Cervical cancer: HP viruses - the underestimated risk

Human Papillomaviruses are widespread. And they are dangerous because the viruses can cause cervical cancer. But you can prevent. The most important information.

When Anna Schäfer (name changed) went to the gynecologist because of ongoing bleeding, she was not really worried. The regular cuts to cancer screening - so-called Pap smears - had always been inconspicuous in the 33-year-olds.

"The last time it blew, it was suddenly so bleeding that I came to the hospital as an emergency," she says. After surgery, it was clear she had a malignant tumor: cervical cancer. She did not expect that.

Since cervix cancer usually develops slowly, cancer detection should detect cell change even before cancer develops. "Unfortunately, the smear is not as sensitive as we would like it to be," says Prof. Christian Dannecker, Deputy Director of the Department of Gynecology at LMU Munich. So changed cells can also be overlooked. "The test, therefore, offers a high level of safety only with regular attendance".

For women over the age of 35, early detection will soon be changed: only a smear every three years, but an additional test for human papillomavirus (HPV).

How is HPV transmitted?

Human papillomaviruses are transmitted via direct human-to-human contact. Sexual intercourse is the main transmission route.

According to the Robert Koch Institute (RKI), most sexually active people get infected with HPV at least once in their lives.

For the majority of infections, the immune system successfully fights the viruses. If this fails, the infection can develop into cancer. The use of condoms can partially reduce the risk of infection, but not prevent it.

What consequences can an infection have?

If the immune system fails to fight the virus, cervical cancer can develop over years from HPV infection.

It is now known that HPV is responsible for around 90 percent of cervical cancers. In men, an infection can lead to anal and penile cancer as well as other forms of cancer.

Almost every person gets infected with HPV once in their lives, many of them at the first sexual contact through the skin.

"In women under 30, a positive HPV test is almost normal," says Dannecker. The body will usually cope with the virus itself. Therefore, the new test will only be done on women over 35 years old.

Test shows cancer precursors

If the doctor finds altered cells on the cervix, this is not yet a cancer diagnosis. Only at an advanced stage are they usually surgically removed.

In the so-called conization, the doctor uses an electric sling to separate the altered tissue on the cervix. Pregnancy is still possible, but the risk of premature birth is only slightly increased in this minimally invasive technique.

It was different with Anna Schäfer. She would have liked to have children of her own, but she no longer has a womb. Her doctor advised a complete removal because the tumor was already so big.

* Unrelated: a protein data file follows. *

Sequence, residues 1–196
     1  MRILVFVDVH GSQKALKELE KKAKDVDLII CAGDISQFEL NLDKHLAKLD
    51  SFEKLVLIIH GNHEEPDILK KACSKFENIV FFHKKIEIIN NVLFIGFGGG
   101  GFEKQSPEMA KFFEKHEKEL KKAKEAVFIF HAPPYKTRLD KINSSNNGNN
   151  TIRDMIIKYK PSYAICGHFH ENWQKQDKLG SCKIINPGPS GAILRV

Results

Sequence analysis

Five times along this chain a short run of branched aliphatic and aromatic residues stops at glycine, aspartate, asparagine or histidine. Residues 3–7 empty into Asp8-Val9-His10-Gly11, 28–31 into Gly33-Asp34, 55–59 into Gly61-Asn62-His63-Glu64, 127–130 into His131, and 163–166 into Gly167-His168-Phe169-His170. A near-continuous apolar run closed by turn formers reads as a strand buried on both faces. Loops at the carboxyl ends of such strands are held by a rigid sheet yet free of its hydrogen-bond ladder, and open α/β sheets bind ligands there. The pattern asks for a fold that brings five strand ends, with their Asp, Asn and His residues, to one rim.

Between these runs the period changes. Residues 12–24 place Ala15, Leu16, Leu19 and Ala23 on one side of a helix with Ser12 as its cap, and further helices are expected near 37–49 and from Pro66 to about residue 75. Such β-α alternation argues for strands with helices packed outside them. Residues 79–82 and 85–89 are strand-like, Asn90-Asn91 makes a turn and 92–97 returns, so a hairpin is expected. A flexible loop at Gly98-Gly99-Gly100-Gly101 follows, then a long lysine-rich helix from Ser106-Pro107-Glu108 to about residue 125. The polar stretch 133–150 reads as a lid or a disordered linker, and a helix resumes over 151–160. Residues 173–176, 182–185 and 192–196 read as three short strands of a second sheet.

In a seven-hour operation, doctors also removed nearly 30 lymph nodes from their lower abdomens to make sure there were no cancer cells hiding there. Because that was not the case, the young woman did not need chemo. "It is trying to treat unimodally, so either with an operation or with radiation chemotherapy, so as not to burden the patient twice," said Dannecker.

Schäfer's illness is soon to be a thing of the past. Various vaccines are said to boost immune defense and antibody production, especially against the high-risk variants HPV 16 and 18, which are responsible for 70 percent of these cancer cases. The latest HPV vaccine prevents infection with the nine most common types.

Vaccination for girls and boys

The vaccine for girls is recommended before the first sexual contact. Because: "On an existing infection, the HPV vaccine no longer has any influence," says Dannecker. Then the body has to cope with the viruses.

The Standing Vaccination Commission (STIKO) at the Robert Koch Institute recommends it for girls between 9 and 14 years old before the first sexual intercourse. If a girl was not vaccinated at the intended age, vaccination should be made up to the age of 17, according to the Institute for Quality and Efficiency in Health Care (IQWIG).

The Stiko also advises to vaccinate boys.

For girls, the costs are already covered by the statutory health insurance. However, individual funds are already paying the costs for the boy's vaccine.

Study: Vaccination protects well against cancer
The vaccine protects young women quite well from pre-cervical cancer, according to a large review. Especially women who were vaccinated at the age of 15 to 26 years, therefore, have a much lower risk of developing such precancerous lesions - so-called lesions - reports the Cochrane Library.

In addition, there was no evidence that the vaccine has serious side effects and increases the risk of miscarriage.

The information portal for evidence-based medicine looked at the results of 26 randomized trials worldwide for meta-research. More than 73,400 women from all continents had participated for over three and a half to eight years.

Worldwide, cervical carcinoma causes approximately 266,000 deaths and 528,000 first-year diagnoses each year. (Fab / dpa)


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